July 7, 2016… a primarily peaceful protest in downtown Dallas against police brutality was nearing an end.
The majority of the crowds had already proceed down Main Street.
Suddenly, the sound of gunfire rang out amongst the downtown buildings. A pathetic, Army-discharge who will not be recognized by name approached a group of officers who were maintaining the peaceful event.
“He got out and, we believe, engaged three Dallas police officers in a short conversation, then pulled his rifle and shot them,” El Centro Police Chief Joseph Hannifin remarked according to Dallas Observers’ Stephen Young.
Senior Corporal Lorne Ahrens, Officer Michael Krol and Officer Patricio Zamarripa sustained fatal injuries. Several more officers were injured.
The shooter retreated along Lamar Street where he unsuccessfully attempted to gain access to El Centro, a Dallas Community College. He engaged in an exchange of fire with Corporal Bryan Shaw and Officer John Abbott who were able to prevent the shooter from entering the main entrance where more than 30 students were attending classes.
Failing to overcome Abbott and Shaw, the shooter proceeded down Lamar Street where DART Officer Brent Thompson was selflessly moving towards the gunfire.
Officer Thompson was killed.
The gunman was able to force his way into a rear entrance to the school and proceed upstairs but not without Officers Shaw and Abbott hot on his heels.
“[Shaw and Abbott] heard gunfire from the Elm Street doors. As they tactically approached, they observed a blood trail leading from the doors to a stairwell. Shaw entered the stairwell and was fired upon,” Hannigan reported according to Young.
Abbott was injured in the leg, but continued to pursue.
“I just wanted to get a hold of this guy for what he was doing,” Abbott recalled. “I wanted a piece of him.”
The gunman barricaded himself in upstairs hallways where police were not able to get an accurate view.
From his elevated position, he unloaded more gun fire down upon Dallas police, killing Sergeant Michael Smith. A four hour long stand-off ensued between the hidden coward and SWAT.
Ultimately, a little robot was sent in to take down the disgraced former soldier. The shooter was killed instantly and the robot suffered only minor damage to one arm but remained functional, according to CBSDFW.
Three years later, Law Enforcement Today (LET) remembers these officers who gave the ultimate sacrifice in protecting their community.
The entire reason we launched LET Unity was to capture the stories of these incredible men and women. We were blessed to interview two of the survivors last year in Texas.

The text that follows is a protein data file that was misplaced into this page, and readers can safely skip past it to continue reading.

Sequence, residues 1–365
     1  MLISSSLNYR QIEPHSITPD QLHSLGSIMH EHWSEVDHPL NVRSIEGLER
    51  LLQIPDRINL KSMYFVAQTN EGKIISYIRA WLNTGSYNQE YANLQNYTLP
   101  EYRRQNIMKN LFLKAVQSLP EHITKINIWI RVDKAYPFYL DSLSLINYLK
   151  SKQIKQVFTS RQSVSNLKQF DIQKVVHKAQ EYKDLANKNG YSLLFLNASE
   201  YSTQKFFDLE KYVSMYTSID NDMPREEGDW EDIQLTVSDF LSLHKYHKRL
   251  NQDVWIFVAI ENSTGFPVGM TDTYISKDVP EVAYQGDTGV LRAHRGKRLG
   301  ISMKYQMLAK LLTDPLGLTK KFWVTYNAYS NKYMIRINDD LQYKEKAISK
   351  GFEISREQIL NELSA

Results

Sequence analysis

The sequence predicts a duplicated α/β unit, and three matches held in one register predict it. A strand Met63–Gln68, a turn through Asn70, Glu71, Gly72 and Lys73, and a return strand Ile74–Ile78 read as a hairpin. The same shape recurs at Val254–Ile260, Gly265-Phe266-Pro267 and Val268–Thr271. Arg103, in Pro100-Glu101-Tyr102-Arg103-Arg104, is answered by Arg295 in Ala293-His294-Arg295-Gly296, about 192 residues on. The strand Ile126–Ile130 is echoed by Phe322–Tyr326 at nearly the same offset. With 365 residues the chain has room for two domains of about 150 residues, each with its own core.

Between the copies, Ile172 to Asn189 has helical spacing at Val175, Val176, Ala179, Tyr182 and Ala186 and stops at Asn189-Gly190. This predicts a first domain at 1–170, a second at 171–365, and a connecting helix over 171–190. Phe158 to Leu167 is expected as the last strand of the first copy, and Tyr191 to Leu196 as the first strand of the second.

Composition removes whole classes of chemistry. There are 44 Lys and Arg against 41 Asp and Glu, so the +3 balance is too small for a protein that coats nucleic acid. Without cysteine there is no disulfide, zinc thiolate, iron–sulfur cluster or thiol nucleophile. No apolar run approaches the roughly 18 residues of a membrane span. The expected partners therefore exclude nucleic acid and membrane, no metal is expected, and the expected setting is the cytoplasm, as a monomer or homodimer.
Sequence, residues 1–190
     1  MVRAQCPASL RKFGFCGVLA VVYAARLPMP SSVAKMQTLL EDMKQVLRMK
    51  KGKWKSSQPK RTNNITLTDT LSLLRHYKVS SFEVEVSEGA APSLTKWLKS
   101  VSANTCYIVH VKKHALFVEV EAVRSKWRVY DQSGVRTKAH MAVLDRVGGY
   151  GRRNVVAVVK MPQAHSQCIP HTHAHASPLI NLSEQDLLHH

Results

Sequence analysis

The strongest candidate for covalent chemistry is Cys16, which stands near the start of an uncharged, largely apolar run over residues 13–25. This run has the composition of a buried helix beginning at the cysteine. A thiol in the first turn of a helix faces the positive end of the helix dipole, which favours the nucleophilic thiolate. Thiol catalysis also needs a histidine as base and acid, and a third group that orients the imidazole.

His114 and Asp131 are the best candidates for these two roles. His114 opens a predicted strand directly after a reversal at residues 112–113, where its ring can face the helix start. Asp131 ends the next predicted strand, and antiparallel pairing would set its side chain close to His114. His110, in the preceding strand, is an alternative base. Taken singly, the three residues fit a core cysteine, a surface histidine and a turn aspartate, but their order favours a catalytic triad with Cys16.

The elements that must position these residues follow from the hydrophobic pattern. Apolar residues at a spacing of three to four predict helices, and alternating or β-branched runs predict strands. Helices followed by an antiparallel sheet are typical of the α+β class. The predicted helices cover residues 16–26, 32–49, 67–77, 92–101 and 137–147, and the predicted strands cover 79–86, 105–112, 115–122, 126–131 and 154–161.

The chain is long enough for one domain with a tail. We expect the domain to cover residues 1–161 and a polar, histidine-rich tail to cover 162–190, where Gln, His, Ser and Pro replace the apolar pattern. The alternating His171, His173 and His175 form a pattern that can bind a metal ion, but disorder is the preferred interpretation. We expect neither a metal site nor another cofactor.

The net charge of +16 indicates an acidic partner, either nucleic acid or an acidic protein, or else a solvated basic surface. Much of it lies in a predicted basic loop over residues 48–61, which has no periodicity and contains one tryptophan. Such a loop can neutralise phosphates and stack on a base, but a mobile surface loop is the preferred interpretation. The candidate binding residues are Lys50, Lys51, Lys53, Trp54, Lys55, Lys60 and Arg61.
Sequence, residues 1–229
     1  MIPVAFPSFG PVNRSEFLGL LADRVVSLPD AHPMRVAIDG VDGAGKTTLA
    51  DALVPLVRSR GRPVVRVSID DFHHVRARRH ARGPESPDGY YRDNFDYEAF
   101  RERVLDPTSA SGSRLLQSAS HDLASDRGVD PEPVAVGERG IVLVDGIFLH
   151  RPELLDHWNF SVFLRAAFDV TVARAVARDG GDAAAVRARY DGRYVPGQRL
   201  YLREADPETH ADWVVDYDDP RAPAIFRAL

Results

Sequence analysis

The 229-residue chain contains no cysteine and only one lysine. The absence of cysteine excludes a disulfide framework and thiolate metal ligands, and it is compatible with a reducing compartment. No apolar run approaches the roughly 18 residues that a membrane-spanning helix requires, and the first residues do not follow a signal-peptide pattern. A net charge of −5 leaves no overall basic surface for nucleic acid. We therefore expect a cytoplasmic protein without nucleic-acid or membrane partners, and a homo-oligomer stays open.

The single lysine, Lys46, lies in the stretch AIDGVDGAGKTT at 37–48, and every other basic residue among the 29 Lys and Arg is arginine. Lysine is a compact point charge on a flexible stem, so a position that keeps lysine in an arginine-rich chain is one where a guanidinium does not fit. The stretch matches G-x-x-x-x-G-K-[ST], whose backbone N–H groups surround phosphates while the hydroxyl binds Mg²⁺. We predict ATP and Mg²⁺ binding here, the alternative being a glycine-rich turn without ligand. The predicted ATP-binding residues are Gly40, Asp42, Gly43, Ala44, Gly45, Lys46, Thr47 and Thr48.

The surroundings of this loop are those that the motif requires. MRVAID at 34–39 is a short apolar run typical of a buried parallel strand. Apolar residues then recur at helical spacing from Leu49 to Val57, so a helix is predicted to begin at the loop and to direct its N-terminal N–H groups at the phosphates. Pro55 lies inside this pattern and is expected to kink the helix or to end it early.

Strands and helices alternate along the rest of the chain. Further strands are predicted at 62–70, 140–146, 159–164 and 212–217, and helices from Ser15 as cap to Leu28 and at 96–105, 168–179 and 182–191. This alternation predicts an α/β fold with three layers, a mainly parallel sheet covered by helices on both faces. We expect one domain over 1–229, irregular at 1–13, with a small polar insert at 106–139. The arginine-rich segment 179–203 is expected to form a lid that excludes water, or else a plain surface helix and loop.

Misty was one of the officers who survived that night. Her story is below.
We were also blessed to interview Officer Shaw. He detailed the events of that night for our good friend, Houston Gas, in the series Thin Blue Blood below.
We will continue to launch these untold stories of heroes on LET Unity – and we’ve pledged that the 100% of the proceeds get reinvested into helping give these warriors a voice.
Today… as every day… we remember.
Dallas Police Senior Corporal Lorne Bradley Ahrens
Corporal Ahrens was 48 years old with an impressive stature of six-foor four and 300-pounds but friends described him as having a heart just as big, according to CBSDFW’s Gabriel Roxas.
Lorne had given the 25 years of service- 14 years with Dallas Police and 11 years with the Los Angeles County Sheriff’s Office.
He left not only two children but a wife who also served the community with the Dallas Police Department. Lorne’s devotion to his family as apparent- he had tattooed on his neck a lipstick imprint from an old love letter from his devoted wife.
Senior Corporal Lorne Ahren’s life mattered.
Dallas Police Officer Michael Krol
Officer Krol’s passion for protecting others started at a young age.
Shortly after high school, he worked as a security guard for a Michigan hospital where family members recall the efforts he exuded to go above and beyond to assist patients.
From there, his destiny to serve and protect was inevitable. He worked in the Wayne County jail system before an opportunity with the Dallas Police Department presented itself- a whopping 1,100 miles from home. Undeterred, Krol was grateful for the opportunity to serve.